Obesity viewed as disease, not behavior

October 22, 1993|By Medical Tribune News Service

Obesity experts are turning away from diet and exercise as the sole therapy for treating overweight patients, according to doctors at the annual meeting of the North American Association for the Study of Obesity.

New drugs are showing promise in treating overweight patients, and researchers are discovering more about the genetic basis of obesity that one day may help them design more-effective treatments.

Researchers now realize obesity is a problem with medical roots, said Dr. Richard Atkinson of Eastern Virginia Medical School. "Obesity is not a moral failure -- it's a disease," he said. "It's got a clear-cut biological and genetic basis."

Obesity -- defined as being 20 percent or more above ideal body weight -- affects almost 30 percent of Americans.

After decades of condemning pill-popping to control weight, a number of prominent researchers now say a new generation of diet medications may be the best way to lose and keep off weight.

Diet drugs of the past had side effects that sometimes included addiction, which prevented them from being used over a long period of time.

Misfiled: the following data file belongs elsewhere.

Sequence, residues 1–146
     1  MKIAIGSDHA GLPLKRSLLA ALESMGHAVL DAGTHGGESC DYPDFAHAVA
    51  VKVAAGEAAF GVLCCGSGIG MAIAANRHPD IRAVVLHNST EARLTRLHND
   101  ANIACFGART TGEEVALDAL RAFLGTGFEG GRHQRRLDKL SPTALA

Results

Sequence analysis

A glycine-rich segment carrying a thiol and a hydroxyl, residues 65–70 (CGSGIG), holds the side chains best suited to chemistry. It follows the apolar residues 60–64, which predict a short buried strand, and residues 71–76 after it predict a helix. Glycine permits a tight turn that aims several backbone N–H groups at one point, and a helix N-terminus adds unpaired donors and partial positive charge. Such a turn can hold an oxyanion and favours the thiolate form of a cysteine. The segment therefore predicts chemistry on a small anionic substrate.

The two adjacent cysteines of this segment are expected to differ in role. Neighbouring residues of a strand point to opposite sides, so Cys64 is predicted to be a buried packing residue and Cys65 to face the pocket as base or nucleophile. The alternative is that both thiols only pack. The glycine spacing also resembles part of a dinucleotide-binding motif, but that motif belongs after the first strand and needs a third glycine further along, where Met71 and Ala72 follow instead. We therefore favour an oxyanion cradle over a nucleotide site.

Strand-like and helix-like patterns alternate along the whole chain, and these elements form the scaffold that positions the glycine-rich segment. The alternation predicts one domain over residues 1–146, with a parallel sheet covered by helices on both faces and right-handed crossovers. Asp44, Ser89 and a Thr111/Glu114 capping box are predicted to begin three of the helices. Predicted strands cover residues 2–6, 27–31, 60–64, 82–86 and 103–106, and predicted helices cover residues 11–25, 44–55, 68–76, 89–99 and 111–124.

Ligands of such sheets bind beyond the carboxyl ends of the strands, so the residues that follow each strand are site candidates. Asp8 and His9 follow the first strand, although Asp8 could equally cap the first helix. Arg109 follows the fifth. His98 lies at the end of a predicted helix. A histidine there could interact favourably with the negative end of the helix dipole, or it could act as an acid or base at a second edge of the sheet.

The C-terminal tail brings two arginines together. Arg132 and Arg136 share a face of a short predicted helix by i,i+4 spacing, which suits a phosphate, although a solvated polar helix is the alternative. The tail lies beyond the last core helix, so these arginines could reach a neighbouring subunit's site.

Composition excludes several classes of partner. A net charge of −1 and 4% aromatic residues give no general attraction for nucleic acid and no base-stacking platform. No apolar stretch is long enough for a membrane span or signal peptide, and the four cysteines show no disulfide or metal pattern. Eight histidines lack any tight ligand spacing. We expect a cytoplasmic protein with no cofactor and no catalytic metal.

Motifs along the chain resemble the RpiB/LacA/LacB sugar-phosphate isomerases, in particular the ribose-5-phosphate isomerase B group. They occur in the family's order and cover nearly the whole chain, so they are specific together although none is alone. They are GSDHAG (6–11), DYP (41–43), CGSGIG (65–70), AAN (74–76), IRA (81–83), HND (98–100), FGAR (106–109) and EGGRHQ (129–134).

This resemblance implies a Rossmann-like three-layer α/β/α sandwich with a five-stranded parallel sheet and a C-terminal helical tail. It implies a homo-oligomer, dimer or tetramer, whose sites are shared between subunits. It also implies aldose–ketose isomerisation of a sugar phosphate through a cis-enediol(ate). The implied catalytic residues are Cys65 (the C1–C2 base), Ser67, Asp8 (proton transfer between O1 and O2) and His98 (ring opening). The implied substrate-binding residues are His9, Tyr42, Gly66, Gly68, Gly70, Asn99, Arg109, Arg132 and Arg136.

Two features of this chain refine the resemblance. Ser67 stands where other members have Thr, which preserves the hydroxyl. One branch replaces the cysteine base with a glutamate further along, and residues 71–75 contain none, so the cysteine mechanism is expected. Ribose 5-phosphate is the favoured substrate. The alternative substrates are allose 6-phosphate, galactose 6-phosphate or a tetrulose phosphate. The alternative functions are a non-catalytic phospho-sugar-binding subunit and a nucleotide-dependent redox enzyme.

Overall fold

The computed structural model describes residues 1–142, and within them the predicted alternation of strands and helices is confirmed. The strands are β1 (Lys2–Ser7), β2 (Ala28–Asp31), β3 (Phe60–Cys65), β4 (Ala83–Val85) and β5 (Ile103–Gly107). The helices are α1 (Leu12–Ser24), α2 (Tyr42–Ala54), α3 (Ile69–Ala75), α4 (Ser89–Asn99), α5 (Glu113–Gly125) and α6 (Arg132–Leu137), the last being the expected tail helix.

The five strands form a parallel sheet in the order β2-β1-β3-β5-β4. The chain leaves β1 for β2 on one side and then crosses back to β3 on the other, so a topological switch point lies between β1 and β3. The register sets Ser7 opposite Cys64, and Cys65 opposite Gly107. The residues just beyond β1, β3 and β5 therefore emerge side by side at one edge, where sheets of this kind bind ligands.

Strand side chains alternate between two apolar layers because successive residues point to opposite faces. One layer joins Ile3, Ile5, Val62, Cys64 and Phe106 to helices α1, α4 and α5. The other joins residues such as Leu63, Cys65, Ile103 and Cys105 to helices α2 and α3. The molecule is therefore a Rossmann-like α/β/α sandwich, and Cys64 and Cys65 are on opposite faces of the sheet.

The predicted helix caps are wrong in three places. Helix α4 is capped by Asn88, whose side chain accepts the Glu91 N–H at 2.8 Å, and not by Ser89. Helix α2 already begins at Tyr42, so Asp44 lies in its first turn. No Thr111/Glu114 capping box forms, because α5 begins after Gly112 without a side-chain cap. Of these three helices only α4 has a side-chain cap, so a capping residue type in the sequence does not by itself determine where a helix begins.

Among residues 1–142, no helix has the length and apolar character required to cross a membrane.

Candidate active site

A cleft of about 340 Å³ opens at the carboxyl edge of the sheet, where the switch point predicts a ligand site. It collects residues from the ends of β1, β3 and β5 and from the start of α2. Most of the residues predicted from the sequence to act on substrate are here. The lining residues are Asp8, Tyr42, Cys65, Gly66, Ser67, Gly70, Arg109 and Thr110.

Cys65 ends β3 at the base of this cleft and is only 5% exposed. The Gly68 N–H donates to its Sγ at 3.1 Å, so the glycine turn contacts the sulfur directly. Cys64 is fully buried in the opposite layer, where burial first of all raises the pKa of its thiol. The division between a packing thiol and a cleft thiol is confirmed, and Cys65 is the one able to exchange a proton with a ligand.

But, it's possible newer experimental drugs such as dexfenfluramine and Orlistat could be used for longer periods, Dr. Atkinson said. Some affect the brain chemical serotonin, which helps send signals allowing "the nerves to talk to each other," he said.

In one study presented at the meeting, 15 milligrams of the experimental drug dexfenfluramine given twice daily resulted in an average weight loss of 11 pounds after 12 weeks of use, compared with 4 pounds in patients taking a placebo drug. The drug is marketed in more than 40 countries to treat obesity.

Many researchers are especially interested in beta-3, a recently discovered receptor found in fatty tissue. Scientists are working on drugs to stimulate beta-3, to set up a chain reaction that would burn fat more quickly.

Other research presented at the meeting:

* Scientists have made progress toward identifying genes that predispose certain people to be obese and may point the way to better treatment. Scandinavian studies in the past on identical twins raised in different families have provided strong evidence of genetic bases for obesity, according to Dr. Rudolph Leibel of Rockefeller University in New York.

* Recent studies show that a third of all obese adults became overweight in childhood; adults who weighed too much when young get sick more often and die sooner than those who were not; and obese people often earn less, don't finish school as often and are less likely to marry, said Dr. William Dietz of the New England Medical Center.

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